BOSTON/FRANKFURT (Reuters) - A German state bank said it had severed business ties with Goldman Sachs Group Inc, citing U.S. regulators’ allegation that the dominant Wall Street bank committed fraud, while France eyed an investigation of its own.
Goldman is accused of defrauding investors by failing to say that prominent hedge fund manager John Paulson bet against a Goldman subprime debt product that he helped design.
In the latest sign that the U.S. Securities and Exchange Commission’s allegations could hurt Goldman’s standing with some customers, the SEC complaint was cited by German public sector bank BayernLB as it cut business ties with Goldman.
Another German bank, IKB Deutsche Industriebank AG, was one of the main investors in the Abacus synthetic collateralized debt obligation deal that is the focus of the SEC complaint.
Goldman, which is being investigated by the Securities and Exchange Commission (SEC) and Britain’s market watchdog, is also attracting attention in France.
Economy Minister Christine Lagarde said on Wednesday that the accusations also warranted a full probe by French regulators. Regulator AMF (Autorite des Marches Financiers) said earlier this week that it planned to co-operate with the SEC over the Goldman case if necessary, adding on Wednesday that it aimed to publish an update on the probe next week.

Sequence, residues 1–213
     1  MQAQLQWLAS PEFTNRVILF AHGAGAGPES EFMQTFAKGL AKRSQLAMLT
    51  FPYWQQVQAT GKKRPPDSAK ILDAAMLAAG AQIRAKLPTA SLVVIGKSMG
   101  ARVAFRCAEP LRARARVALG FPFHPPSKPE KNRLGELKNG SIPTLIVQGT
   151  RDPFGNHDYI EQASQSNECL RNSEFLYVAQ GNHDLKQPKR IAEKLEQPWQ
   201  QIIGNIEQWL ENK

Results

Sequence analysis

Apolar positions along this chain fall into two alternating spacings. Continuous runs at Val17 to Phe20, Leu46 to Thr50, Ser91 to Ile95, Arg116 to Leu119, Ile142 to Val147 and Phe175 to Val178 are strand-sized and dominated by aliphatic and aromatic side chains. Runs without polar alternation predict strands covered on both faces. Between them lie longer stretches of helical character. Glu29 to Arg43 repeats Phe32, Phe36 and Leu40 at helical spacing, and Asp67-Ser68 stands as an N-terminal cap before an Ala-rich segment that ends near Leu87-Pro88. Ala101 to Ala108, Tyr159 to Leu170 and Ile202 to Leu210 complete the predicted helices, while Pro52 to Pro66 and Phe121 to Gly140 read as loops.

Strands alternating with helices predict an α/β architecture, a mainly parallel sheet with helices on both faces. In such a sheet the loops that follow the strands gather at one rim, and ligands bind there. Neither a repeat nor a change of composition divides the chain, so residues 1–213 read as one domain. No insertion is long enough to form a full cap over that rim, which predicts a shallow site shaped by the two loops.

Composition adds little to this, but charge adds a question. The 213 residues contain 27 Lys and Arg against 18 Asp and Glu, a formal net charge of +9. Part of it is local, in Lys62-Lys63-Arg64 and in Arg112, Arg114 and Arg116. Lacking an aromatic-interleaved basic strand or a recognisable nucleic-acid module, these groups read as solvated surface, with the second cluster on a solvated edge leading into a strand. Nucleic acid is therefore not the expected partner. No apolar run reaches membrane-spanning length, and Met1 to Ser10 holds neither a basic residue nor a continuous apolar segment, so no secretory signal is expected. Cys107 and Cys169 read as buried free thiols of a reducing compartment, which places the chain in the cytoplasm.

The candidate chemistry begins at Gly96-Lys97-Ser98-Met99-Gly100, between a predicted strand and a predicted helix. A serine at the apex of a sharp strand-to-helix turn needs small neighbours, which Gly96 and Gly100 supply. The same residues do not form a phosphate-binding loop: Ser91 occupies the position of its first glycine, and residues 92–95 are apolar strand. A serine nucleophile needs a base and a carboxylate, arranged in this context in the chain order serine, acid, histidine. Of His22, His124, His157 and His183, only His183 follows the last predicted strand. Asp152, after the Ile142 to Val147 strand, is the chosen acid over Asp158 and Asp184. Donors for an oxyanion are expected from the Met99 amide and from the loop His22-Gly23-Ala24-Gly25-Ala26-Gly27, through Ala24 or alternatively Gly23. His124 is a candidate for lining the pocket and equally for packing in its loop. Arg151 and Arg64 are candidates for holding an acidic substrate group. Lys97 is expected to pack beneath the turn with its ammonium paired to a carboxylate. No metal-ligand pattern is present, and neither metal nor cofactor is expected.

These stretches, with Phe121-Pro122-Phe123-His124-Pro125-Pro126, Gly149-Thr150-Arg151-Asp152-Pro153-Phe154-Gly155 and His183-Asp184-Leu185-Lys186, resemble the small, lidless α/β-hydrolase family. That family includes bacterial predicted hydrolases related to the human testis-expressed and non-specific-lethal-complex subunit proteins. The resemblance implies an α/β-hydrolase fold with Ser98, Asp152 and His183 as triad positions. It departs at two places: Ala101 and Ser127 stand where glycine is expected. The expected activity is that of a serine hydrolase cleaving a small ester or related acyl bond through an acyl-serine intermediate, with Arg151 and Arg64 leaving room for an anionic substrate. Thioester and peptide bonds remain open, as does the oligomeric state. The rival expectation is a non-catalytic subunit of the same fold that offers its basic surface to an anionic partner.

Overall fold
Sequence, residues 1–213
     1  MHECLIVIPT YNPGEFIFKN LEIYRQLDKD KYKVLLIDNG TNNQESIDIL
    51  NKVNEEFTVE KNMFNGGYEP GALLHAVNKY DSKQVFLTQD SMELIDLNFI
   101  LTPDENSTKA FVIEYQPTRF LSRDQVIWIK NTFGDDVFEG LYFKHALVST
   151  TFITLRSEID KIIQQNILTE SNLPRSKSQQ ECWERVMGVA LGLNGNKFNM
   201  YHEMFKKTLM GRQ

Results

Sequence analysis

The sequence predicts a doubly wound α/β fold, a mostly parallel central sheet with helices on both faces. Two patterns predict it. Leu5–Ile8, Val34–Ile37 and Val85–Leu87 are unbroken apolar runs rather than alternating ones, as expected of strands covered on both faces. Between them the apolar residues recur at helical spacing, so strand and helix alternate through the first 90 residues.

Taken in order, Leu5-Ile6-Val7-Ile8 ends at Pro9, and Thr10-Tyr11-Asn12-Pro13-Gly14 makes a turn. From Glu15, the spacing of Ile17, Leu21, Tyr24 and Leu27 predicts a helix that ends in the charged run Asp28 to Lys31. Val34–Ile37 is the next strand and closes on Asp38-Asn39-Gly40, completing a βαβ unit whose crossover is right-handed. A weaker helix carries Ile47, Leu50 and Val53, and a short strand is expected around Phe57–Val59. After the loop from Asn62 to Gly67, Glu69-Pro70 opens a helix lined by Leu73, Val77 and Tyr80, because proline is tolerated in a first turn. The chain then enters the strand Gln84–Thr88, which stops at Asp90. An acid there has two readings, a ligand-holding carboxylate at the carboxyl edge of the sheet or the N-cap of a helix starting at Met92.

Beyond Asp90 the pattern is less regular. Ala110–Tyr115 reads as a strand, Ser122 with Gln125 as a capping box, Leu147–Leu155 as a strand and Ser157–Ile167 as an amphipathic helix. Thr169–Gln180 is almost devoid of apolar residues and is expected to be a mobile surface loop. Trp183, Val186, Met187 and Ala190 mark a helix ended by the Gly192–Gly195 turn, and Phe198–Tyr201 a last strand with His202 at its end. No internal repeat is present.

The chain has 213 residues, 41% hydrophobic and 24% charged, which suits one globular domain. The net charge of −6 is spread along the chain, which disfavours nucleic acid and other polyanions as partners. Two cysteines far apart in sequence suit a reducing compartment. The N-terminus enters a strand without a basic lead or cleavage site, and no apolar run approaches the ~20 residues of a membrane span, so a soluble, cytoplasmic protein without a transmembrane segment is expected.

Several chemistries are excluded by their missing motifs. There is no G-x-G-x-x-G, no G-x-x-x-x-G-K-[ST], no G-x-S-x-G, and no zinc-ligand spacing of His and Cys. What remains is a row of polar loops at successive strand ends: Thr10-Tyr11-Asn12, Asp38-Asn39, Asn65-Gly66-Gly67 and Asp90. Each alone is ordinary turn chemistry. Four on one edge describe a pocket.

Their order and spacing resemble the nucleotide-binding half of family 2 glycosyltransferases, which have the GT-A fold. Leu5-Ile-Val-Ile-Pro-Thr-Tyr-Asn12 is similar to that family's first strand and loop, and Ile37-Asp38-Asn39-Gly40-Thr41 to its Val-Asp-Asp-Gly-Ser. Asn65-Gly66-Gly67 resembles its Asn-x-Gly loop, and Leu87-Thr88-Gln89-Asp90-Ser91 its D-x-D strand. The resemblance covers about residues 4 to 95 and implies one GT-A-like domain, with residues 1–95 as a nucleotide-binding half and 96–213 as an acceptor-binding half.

Goldman shares ended down about 0.7 percent on Wednesday, bringing their decline over the last week to 14 percent. The sectoral Amex Securities Broker Dealer index has lost 2.1 percent over the same period.
But archrival Morgan Stanley, which reported better earnings than expected, outperformed Goldman, with shares rising 4 percent on the day.
The cost to insure Goldman’s debt widened to about 133 basis points from about 122 basis points late on Tuesday.
Goldman itself reported blowout earnings on Tuesday, but so far has gained little credit from investors who remain concerned about the fallout from the SEC accusations.
“Uncertainty abounds, and headline risk should drive near-term volatility,” Sandler O’Neill analyst Jeff Harte wrote in a research note, adding that he believed the “reputational and financial risks seem manageable.”
Lawyers for shareholders are studying legal action against Goldman Sachs in the wake of fraud charges against the bank, but they could be hampered by the difficulty of building a case.
“I would not be surprised if this spurred litigation from shareholders or from securities purchasers,” said Stuart Grant, managing director of Grant & Eisenhofer.
The firm represents shareholders on corporate governance and securities litigation and Grant said clients had contacted the firm about Goldman Sachs.
“If we’re looking at it, there are others looking at it,” said Grant.
Newly released official documents showed that Goldman aggressively increased political campaign donations and lobby spending in Congress in early 2010, as the financial reform debate gathered momentum.
In another sign that Goldman and its Wall Street allies are struggling to gain traction in Washington, a U.S. Senate committee approved on Wednesday a bill aimed at reforming the derivatives market, moving the Senate one step closer to passing sweeping regulation over the $450 trillion derivatives market.